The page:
Branch meetings should occur weekly, preferably at the same time and place. While all members are expected to attend branch meetings, nonmembers who are sympathetic to the ISO should also be encouraged to attend weekly meetings. The meetings should be held in a public place where possible - for instance, in a campus lecture hall or at a community center - to make them more accessible. Meetings should be kept to a two-hour time limit to make sure everyone can stay until the end of the meeting – and hopefully stick around for informal discussion at a nearby restaurant or coffee house afterward.

There are three kinds of branch meetings: organizing, educational, and public meetings, which are rotated week by week (although specific decisions about how often to hold which kind of meeting depend on the circumstances of each individual branch). The purpose of each type of meeting is explained below.

Organizing meetings

These meetings are important to ensure that the entire branch is involved in decision-making about all aspects of the branch’s work – from deciding the topic for the next public meeting to discussing members’ involvement in building movements. There should be an agenda for each meeting, proposed by the branch committee or branch organizer, which branch members vote to accept or amend at the start of each meeting. While every meeting cannot involve discussions about every aspect of the branch’s work, branches should aim to hold focused discussions about all areas of work that members are involved in over a roughly two month time span.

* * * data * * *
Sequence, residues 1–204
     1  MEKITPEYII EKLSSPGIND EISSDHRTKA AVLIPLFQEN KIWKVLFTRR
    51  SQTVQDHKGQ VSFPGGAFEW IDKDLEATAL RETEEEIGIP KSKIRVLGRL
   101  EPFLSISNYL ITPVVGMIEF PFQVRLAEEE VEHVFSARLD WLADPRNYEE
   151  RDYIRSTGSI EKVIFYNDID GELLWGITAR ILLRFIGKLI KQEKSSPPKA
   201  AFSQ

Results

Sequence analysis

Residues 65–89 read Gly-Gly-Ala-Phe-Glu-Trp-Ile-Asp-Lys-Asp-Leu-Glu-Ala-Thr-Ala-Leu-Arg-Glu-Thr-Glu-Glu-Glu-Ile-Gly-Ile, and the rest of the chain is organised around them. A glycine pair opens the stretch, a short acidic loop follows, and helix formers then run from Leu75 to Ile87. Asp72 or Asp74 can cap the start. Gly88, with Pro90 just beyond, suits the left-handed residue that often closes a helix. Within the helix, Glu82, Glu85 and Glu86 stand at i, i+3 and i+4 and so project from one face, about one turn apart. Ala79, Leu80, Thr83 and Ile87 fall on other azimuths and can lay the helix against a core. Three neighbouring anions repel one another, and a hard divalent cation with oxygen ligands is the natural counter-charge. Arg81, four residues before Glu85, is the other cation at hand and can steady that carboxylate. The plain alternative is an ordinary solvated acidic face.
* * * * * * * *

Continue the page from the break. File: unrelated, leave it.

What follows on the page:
Educational meetings

All members need ongoing political education, and this should be reflected in branch meetings. Although educational meetings can include one or two organizational items on the agenda, the bulk of these meetings should be taken up with a discussion of one planned educational item, with recommended readings from books or publications such as the International Socialist Review (ISR). New branches can consult the Becoming a Marxist reading guide for help in planning branch education.

Public meetings